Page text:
Issue

Women

Women and girls face a myriad of unique challenges around the globe. Although many countries around the world continue to work to mitigate the historic marginalization of and violence against women and girls, they are often disproportionately affected by war, climate change, poverty, industrialization, and global health crises.

In telling their stories Pulitzer Center journalists illuminate not only the violence and disparity faced by women and girls worldwide, but their resilience and strength in the face of it. Stories as varied as a young woman barricading herself in a hotel room in Bangkok to escape subjugation in Saudi Arabia to the women advocating for reproductive rights in Nigeria show women and girls constantly fighting to assert their own humanity.

 

 

Women

Stateless in Colombia

With the recent announcement that all stateless babies born of Venezuelan parents would receive Colombian citizenship, the international community saw it as a victory, a brave response in the face of crisis. But these refugee families’ problems are far from solved.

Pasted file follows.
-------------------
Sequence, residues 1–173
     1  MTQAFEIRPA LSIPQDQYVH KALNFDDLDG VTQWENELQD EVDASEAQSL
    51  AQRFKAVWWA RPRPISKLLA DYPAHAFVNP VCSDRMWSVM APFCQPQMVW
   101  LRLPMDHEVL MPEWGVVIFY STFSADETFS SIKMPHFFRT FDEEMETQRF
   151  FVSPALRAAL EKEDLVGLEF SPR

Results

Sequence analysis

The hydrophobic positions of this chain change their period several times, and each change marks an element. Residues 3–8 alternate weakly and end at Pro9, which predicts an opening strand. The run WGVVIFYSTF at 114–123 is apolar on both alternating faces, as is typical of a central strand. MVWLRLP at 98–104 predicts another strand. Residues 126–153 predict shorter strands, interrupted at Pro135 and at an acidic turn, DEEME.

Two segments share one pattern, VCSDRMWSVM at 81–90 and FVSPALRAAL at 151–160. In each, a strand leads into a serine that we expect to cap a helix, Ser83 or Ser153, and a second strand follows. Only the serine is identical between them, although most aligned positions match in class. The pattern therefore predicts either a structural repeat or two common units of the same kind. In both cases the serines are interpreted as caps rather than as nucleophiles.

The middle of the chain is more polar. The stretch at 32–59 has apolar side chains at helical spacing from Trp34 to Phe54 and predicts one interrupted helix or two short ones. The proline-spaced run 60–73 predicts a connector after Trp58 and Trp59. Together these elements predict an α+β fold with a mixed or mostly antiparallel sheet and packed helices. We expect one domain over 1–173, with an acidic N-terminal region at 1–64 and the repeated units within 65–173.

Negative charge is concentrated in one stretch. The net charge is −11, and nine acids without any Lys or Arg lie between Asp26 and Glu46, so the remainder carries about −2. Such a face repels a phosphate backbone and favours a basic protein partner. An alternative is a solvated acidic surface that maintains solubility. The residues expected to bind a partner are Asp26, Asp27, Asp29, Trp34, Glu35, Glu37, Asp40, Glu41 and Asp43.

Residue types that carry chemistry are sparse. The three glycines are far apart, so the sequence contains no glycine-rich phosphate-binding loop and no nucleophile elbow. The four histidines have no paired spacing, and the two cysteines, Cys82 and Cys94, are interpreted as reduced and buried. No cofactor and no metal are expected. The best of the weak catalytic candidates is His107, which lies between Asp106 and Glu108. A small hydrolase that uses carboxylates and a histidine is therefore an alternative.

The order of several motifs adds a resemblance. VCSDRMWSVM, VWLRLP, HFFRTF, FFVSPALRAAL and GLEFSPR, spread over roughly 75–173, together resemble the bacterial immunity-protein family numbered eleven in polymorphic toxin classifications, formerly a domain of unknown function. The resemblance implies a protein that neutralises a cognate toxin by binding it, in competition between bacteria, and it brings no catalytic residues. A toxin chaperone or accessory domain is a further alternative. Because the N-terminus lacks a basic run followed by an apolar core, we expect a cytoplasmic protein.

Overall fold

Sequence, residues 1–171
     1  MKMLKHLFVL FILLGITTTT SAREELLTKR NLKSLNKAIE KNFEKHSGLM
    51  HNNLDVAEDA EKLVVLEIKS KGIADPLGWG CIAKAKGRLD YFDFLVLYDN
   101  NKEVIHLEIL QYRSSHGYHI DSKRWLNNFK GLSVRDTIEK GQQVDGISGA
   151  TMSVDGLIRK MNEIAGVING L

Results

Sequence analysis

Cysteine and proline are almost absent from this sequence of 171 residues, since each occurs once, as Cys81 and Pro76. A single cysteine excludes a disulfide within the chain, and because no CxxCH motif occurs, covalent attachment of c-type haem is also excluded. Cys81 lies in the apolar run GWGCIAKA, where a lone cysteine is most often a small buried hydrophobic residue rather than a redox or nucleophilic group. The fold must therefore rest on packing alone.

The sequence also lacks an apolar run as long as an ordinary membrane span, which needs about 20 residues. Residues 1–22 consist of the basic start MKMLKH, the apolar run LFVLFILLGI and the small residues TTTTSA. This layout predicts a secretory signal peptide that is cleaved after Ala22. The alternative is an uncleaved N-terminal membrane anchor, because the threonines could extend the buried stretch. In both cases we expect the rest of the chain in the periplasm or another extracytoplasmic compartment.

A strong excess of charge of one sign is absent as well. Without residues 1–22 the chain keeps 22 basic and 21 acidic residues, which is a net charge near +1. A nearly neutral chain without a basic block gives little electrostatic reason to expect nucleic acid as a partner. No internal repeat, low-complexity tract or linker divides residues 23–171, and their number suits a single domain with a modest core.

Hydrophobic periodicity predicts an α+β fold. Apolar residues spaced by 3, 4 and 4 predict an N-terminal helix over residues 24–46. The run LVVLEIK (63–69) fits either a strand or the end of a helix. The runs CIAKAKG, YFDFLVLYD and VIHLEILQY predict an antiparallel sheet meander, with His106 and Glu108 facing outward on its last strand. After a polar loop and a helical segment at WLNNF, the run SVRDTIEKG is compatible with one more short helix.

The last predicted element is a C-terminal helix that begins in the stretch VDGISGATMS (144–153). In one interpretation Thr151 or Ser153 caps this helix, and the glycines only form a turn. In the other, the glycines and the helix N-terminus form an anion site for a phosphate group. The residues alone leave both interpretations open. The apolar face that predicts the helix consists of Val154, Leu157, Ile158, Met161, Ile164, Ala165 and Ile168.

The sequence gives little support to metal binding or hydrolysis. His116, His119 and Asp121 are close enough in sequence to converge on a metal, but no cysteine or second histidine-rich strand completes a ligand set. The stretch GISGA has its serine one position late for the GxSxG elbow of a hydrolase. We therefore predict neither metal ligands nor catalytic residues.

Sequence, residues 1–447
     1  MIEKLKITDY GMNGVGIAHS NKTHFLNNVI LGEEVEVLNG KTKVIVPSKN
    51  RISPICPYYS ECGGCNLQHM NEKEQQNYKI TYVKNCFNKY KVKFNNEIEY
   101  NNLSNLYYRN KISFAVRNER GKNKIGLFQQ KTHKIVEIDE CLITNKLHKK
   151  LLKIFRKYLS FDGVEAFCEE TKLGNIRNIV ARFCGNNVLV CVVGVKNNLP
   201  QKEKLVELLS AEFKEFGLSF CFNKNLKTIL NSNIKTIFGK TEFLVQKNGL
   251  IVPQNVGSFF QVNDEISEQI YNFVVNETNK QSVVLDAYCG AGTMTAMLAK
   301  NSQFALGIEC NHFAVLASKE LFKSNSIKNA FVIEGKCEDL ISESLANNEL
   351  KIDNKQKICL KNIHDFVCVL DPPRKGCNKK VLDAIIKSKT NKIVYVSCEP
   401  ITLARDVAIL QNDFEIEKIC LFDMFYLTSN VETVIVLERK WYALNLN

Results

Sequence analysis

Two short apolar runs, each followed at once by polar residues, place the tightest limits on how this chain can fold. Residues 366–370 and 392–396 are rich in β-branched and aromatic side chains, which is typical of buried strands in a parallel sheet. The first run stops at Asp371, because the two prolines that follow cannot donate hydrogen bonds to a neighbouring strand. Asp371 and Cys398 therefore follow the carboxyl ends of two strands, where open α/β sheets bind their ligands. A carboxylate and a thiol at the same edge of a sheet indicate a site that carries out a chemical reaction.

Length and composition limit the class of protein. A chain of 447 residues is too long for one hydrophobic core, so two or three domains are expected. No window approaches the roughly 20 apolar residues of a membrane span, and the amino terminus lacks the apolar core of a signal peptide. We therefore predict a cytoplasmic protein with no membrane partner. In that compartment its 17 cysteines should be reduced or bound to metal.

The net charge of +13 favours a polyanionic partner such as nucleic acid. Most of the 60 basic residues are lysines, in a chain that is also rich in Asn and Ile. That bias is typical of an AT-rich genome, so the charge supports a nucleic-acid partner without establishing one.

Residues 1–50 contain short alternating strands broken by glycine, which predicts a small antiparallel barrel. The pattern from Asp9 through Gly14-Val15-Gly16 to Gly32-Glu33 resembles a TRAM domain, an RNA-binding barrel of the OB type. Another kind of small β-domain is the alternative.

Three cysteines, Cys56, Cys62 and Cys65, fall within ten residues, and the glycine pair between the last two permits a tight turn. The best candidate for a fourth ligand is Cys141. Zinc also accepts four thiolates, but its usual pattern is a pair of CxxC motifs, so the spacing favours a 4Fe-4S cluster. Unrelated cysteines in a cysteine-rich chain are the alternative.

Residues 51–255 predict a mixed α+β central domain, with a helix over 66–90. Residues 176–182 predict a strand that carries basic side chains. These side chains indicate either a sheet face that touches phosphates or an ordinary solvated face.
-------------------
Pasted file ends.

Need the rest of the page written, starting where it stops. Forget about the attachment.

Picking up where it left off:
Can Women Stand Their Ground?

This story examines how the criminal justice system is not equipped to protect women who protect themselves. It is told through the lens of one case—the Alabama murder trial of Brittany Smith.

Femme Force: Women’s Contributions to Ukraine’s War

When war came to eastern Ukraine, an unsuspecting population raced to action. Whether it be in the military, as a volunteer, or simply as a resident of an occupied town, women’s experiences do not reflect those of their brethren.

Turkey: Women in IT

New research shows that participation of women in the computer industry labor force creates significant economic growth for Turkey and the world.

Examining Domestic Violence in Lagos, Nigeria

Lagos' secretive culture has made it harder to tackle domestic violence. Regardless, women are resisting the secrecy, changing the culture, and speaking about their experiences.

Meet the Journalist: Jaime Joyce

In the United States, one in every 28 children has a parent in jail or in prison. TIME for Kids executive editor Jaime Joyce reports on two programs that help families stay connected.